Eat, Pray, Love {Thoughts on God}

Saturday, September 4, 2010

It seems I'm not very good at blogging these days. Time is surging by and it often leaves me stunned in its wake. How is it already September? Where has 2010 gone? Am I the only one who feels this way?!

I'm hurrying to finish Eat, Pray, Love so I can start my Book Club book for this month (the third in the trilogy). Gilbert's search for spirituality is an interesting read for sure. I love her writing, and I love her honesty. I came across these words today, and they have really made me ponder. Perhaps they will make you ponder, too.

The Indians around here tell a cautionary fable about a great saint who was always surrounded... by loyal devotees. For hours a day, the saint and his followers would meditate on God. The only problem was that the saint had a young cat, an annoying creature, who used to walk through the temple meowing and purring and bothering everyone during meditation. So the saint, in all his practical wisdom, commanded that the cat be tied to a pole outside for a few hours a day, only during meditation, so as to not disturb anyone. This became a habit -- tying the cat to the pole and then meditating on God -- but as years passed, the habit hardened into religious ritual. Nobody could meditate unless the cat was tied to the pole first. Then one day the cat died. The saint's followers were panic-stricken. It was a major religious crisis -- how could they meditate now, without a cat to tie to a pole? How would they reach God?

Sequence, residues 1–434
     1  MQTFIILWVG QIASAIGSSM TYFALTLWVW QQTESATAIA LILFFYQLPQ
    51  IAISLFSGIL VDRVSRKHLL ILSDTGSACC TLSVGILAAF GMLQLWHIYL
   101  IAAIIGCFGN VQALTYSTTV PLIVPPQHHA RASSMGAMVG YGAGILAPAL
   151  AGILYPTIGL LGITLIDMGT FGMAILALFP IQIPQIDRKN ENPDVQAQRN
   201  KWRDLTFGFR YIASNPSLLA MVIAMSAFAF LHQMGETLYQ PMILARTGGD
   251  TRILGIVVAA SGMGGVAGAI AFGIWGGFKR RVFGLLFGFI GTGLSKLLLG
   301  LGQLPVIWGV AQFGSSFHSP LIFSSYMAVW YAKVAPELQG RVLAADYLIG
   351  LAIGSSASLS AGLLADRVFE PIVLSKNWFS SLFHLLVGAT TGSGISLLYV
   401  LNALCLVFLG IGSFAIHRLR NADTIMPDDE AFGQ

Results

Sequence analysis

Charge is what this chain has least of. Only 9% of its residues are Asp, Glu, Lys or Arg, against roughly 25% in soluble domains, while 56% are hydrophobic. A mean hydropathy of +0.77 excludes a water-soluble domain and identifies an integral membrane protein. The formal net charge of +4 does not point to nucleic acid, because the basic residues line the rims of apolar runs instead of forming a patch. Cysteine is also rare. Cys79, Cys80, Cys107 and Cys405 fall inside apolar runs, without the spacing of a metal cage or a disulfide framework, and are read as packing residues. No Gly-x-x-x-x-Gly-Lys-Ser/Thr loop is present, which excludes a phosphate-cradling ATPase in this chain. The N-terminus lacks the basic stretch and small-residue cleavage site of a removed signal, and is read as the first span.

"In their minds," Gilbert continues, "the cat had become the means." And she goes on to emphasize how we shouldn't get obsessed with repetitive religious ritual just for its own sake. A good word, I think.

A dear friend of mine mentioned that she thought about reading this book, but didn't because she knew it wouldn't contain truth about God. I have to say that I disagree. "Doesn't {it} make sense?" asks Elizabeth Gilbert. "That the infinite would be, indeed... infinite? That even the most holy among us would only be able to see scattered pieces of the eternal picture at any given time? And that maybe if we could collect those pieces and compare them, a story about God would begin to emerge that resembles and includes everyone? And isn't our individual longing for transcendence all just part of this larger human search for divinity? Don't we each have the right to not stop seeking until we get as close to the source of wonder as possible?"

"Even in the most unlikely and conservative of places," she writes, "you can find sometimes this glimmering idea that God might be bigger than our limited religious doctrines have taught us."

For all of our differences, Elizabeth Gilbert and I have a lot in common. I don't want to stop seeking. I want to be close to the wonder. And I believe God is so much bigger than my wildest dreams shape Him to be.


Jason Seville said...

Did you read Justin Taylor's post on the recent movie based on EPL? (His post is primarily a discussion of Ross Douthat's review.)

I thought it was an interesting review, especially this excerpt:

"If everything 'God' wants sounds suspiciously like what a willful, capricious, self-indulgent Western woman with too much time and money on her hands might want . . . well, then you’ve unlocked the theological message of the movie."

I have neither read the book nor seen the movie. Just read the review the other day and thought I'd share. :)

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